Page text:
Is debt getting in the way of your love life?
by Tim St Vincent
Back in May of 2017, I wrote an article for the Pilipino Express called “Couples and Money.” The idea behind that article was that money could be causing you difficulties in your current relationship. Maybe we should take a step back and ask the question of whether debt is causing more difficulties than you thought; perhaps it’s even getting in the way of you simply dating!
Let’s start with the more obvious point; dating costs money. If you’re carrying a heavy debt load and are just barely getting by, it’s hard to date. Beyond a certain age, taking a bus to a movie or to grab a bite to eat just isn’t going to work. If you’re having problems making rent or staying on top of your bills, where are you going to come up with the money to go on a date? Using credit cards isn’t an option, especially when you have already maxed them out. If you find yourself in any of these situations, you may want to read some of my previous articles on budgeting and debt management.
Now let’s take another step back, before the date is even set up, and look at how a potential partner may perceive you if you are carrying a heavy debt load. According to a recent survey over 67 per cent of Canadians say they would reconsider getting into a relationship based on debt. Men and women dislike debt equally, so whatever your preference, gender won’t help you with this one. The only thing that may help you is that Baby Boomers (those born between 1946 and 1964) dislike debt more than Millennials (those born between 1983 and 2000) with 70.6 per cent of the Baby Boomers saying it’s a strong negative. The Gen X people (those born between 1965 and 1979), well, not surprisingly, they tend to be between the other two generations with respect to their thoughts on debt. It seems the older we get, the less tolerant of debt we become. (Or from my perspective, the older we get, the smarter we get! Yes, I am a Baby Boomer but at the younger end!)
Geography may help you a bit here because 71.4 per cent of those in central Canada (those financially conservative prairie people!) are the most likely to stay away from you if you are carrying a lot of debt, while only 60.8 per cent of west coast (tree hugging?) Canadians would consider it a strong negative. All three generations and all geographic locations agree on one thing though, with almost 60 per cent saying that payday loans are a deal breaker. This if followed closely by high credit card debt with almost 50 per cent saying that it would get in the way of dating.
Now this isn’t to say that all debt is bad! Mortgage debt, business loans and student loans are all okay if they aren’t excessive and are manageable.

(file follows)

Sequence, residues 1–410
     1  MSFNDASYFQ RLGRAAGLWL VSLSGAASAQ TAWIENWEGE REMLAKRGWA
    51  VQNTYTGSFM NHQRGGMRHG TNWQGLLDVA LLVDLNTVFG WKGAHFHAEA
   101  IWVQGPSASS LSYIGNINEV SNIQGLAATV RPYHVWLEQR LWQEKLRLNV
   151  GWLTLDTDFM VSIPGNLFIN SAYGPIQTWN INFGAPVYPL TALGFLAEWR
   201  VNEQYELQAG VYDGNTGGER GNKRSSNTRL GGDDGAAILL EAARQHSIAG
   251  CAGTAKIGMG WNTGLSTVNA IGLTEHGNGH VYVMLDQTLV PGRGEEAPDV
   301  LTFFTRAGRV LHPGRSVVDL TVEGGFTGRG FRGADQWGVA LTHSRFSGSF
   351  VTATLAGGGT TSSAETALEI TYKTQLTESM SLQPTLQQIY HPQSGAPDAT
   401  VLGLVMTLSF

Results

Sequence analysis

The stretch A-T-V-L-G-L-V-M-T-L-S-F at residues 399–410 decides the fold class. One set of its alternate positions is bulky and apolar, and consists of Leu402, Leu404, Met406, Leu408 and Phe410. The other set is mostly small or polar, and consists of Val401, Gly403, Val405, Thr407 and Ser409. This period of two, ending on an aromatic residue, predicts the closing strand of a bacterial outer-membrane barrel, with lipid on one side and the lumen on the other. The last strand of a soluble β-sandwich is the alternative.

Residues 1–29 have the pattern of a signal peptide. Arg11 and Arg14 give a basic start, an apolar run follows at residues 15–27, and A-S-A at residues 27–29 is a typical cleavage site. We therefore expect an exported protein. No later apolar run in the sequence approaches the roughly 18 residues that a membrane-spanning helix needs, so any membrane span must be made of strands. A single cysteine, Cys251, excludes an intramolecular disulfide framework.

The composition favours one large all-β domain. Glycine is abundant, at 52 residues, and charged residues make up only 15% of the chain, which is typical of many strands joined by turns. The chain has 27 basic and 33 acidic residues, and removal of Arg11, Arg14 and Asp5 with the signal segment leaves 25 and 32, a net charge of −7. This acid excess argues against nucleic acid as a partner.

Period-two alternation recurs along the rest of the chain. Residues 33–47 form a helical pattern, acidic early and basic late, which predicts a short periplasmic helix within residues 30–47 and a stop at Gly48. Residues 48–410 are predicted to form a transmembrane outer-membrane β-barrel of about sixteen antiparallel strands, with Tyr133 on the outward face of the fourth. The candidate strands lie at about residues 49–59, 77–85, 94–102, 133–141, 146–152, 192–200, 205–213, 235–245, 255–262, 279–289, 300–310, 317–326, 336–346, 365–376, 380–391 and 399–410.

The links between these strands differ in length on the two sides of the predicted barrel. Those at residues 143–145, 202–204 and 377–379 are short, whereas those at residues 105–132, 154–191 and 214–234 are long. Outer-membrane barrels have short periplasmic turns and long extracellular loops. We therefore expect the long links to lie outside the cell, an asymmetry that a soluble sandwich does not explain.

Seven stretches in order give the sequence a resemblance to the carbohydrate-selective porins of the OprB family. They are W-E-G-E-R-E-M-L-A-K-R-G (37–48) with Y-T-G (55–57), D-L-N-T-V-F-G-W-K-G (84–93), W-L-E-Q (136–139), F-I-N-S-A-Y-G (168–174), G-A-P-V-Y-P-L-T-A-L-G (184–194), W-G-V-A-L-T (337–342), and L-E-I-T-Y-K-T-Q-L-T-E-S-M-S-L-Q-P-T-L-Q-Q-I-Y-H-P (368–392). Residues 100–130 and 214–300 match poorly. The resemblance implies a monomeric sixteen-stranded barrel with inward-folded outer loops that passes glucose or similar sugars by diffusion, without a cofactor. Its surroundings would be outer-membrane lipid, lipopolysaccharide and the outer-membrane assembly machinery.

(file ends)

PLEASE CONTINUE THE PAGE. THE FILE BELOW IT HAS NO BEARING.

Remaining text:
It’s important to remember that when you are dating, you are looking for a potential life partner. The movies may say that “love conquers all,” but we know (hopefully!) that this only applies to movies. We have to deal with the real world implications of life, and one of those implications is that life costs money. We have to plan for homes and children and all the other things that go on in our financial lives on a daily basis and at the same time recognize that there are two things that will impact this: your job and your debt.
What do new people meeting for the first time typically ask in the first 60 seconds? The answer is: “What do you do?” They ask this either consciously or subconsciously as they are assessing your financial potential as a partner. The other part of this financial assessment is how much debt are you carrying. Talking about debt is a bit of a taboo topic in our culture, but through conversation and observation this question is also answered, it just takes a bit more time to get there. Now I don’t want you to think that dating is all about the numbers! There is a lot more to it than that. Love is a powerful factor but you would be doing yourself a disservice if you didn’t think debt was a strong factor as well.
If you are having problems in your dating life, don’t call me. That’s not the type of counselling we do! If you are having problems in this part of your life, you may want to look at your finances and see what impact they are having. Now, if you need help figuring out your finances, balancing your budget, getting debt under control or anything along those lines, please contact us and let’s see what we can do!
Tim St Vincent is a retired CFP and is a Certified Educator in Personal Finance with the Credit Counselling Society, a Non-Profit organization. If you wish to contact Tim for a workshop or webinar, have a question or would like to submit an article idea please contact Tim at 1-888-527-8999 ext 1330. You can also contact the Credit Counselling Society for further information or assistance at 1-888-527-8999 or visit www.nomoredebts.org or www.mymoneycoach.ca.
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